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Rolls-Royce Holdings plc (Rolls-Royce) revealed on 31 March 2021 that a new remuneration policy will be put to a vote at its 2021 AGM on 13 May 2021. Whilst under the remuneration policy, chief executive (CEO), Warren East’s base salary remains at £943,500, and chief financial officer, Panos Kakoullis at £680,000, 30% of East’s base salary and 20% for Kakoullis will be deferred into shares for two years.
This has come about following a turbulent year caused by the COVID-19 pandemic, which led to flight restrictions and site closures, and has greatly affected the sector in which Rolls-Royce operates, dominating the market for large commercial jets. Whilst its defence unit remained resilient, the company reported in its 2020 full year results that its civil aerospace sector was the most impacted, with revenue down by 37%. Rolls-Royce stated: ‘The impact of the COVID-19 pandemic on the Group was felt most acutely by our Civil Aerospace business. In response, we took immediate actions to address our cost base, launching the largest restructuring in our recent history, consolidating our global manufacturing footprint and delivering significant cost reduction measures.’ This resulted in a reduction of approximately 7,000 roles at the end of 2020, which is expected to rise to at least 9,000 roles. Also in 2020, in an attempt to regain financial strength, the company faced a heavily discounted £2bn rights issue, offering shareholders 10 shares at 32p each for every three they owned, representing a 41% discount. Leading advisers chose to cut back their underwriting commitments with concerns surrounding the pandemic and market volatility linked to the US election. For more information, see: Rolls-Royce taps shareholders for £2bn rescue.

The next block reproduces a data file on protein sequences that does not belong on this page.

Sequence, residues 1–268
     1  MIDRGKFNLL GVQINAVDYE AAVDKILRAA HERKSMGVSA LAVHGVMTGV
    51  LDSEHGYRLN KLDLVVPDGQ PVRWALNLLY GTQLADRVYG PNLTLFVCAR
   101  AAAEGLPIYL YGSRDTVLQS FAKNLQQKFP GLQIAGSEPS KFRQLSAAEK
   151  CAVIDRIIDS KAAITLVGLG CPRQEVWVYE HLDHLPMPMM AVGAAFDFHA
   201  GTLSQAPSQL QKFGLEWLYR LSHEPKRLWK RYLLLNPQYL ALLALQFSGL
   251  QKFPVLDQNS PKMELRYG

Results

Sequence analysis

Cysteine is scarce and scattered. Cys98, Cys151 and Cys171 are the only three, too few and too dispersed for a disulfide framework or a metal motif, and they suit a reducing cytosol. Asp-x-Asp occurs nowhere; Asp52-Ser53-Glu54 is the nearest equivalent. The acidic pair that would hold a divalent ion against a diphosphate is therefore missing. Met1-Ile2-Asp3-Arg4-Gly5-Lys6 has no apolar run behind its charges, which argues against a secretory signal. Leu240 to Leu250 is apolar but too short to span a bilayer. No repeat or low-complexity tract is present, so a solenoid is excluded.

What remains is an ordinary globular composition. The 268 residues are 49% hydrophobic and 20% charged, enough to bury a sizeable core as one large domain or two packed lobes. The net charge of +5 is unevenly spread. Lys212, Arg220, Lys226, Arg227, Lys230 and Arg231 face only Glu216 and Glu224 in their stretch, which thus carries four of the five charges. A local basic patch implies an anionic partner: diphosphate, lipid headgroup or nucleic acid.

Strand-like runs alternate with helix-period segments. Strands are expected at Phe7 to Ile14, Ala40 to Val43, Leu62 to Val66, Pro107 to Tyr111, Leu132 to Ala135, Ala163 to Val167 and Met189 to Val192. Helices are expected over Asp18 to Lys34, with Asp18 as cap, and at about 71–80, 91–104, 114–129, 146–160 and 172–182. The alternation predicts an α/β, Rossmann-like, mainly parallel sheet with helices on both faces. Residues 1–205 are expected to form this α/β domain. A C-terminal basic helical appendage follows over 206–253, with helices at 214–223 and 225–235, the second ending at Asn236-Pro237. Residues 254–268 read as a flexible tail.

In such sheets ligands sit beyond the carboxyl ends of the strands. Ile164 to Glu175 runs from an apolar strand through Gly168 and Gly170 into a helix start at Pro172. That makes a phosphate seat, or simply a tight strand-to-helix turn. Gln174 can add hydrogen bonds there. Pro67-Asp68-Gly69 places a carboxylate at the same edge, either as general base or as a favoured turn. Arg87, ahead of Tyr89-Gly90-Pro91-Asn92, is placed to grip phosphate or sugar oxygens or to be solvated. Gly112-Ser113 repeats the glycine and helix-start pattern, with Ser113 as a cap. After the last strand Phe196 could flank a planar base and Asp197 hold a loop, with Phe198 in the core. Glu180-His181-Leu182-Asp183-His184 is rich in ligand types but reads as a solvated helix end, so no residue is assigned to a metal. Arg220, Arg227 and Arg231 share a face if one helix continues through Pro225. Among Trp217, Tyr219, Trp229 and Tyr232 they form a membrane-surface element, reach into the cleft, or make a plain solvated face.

Now shareholders will be faced with voting on an uncommon share payment scheme of 30% of the CEO’s base salary. Shareholders will also have to consider other elements of the remuneration policy including a reduction in the maximum incentive level from 200% of target to 175%, no long-term investment plan for the duration of the remuneration policy and an immediate reduction in pension contributions for directors to 12% of salary to align with the wider workforce.
BAE Systems plc (BAE Systems), another company operating in the aerospace sector, will also see its remuneration policy put to a vote at its 2021 AGM, to be held on 6 May 2021. BAE Systems shareholders face a very different situation, having confronted the pandemic with a resilient business plan. The company notably focussed its attention on two main areas, the acquisition of two US based companies, The Military Global Positioning System and Airborne Tactical Radios as well as injecting payments into its UK pension scheme. BAE Systems saw the acquisitions as ‘strategically attractive’ complementing its Electronic Systems portfolio and represented ‘unique opportunities to purchase high-quality, technology-based businesses with market-leading capabilities...’ As a result, the company has seen great success, which has been reflected in its remuneration report. CEO, Charles Woodburn, saw two salary increases: 3.21% with effect from 1 December 2020 and a further 9.5% increase with effect from 1 January 2021 giving a total base salary of £1,107,538 in addition to a performance share award granted in 2018, which will vest in full with the shares being receivable in 2023. This was justified on the basis of the salary ‘being in line with median market levels for a FTSE 50 Chief Executive’ and to incentivise Woodburn to remain in his role.
Rolls-Royce has also looked to technology to fuel up its business strength, with its notable increased investment in Power Systems, one of four core parts of its business less affected by the pandemic, which has enabled the company to marry its expertise as a leading industrial technology company with sustainable energy. The company, much like BAE Systems, acquired two businesses Kinolt Group and Qinous in a bid to strengthen this side of its business. In a climate where ESG is proving to be increasingly important, the company anticipates a quick recovery for Power Systems, with its potential of becoming a leader in low carbon power solutions. So far, the success of this strategy is yet to come to fruition, but Rolls-Royce remain confident, stating ‘We continue to invest in developing market-leading technology and low carbon opportunities in all our end markets, to create value for our stakeholders and ensure we are well positioned to take advantage of the transition to a lower carbon economy and growing demand for more sustainable power solutions.’ In the meantime, the remuneration strategy reflects the unprecedented past year, and the results of this year’s AGM will indicate shareholder opinion on how well Roll-Royce has dealt with the uncertainty.
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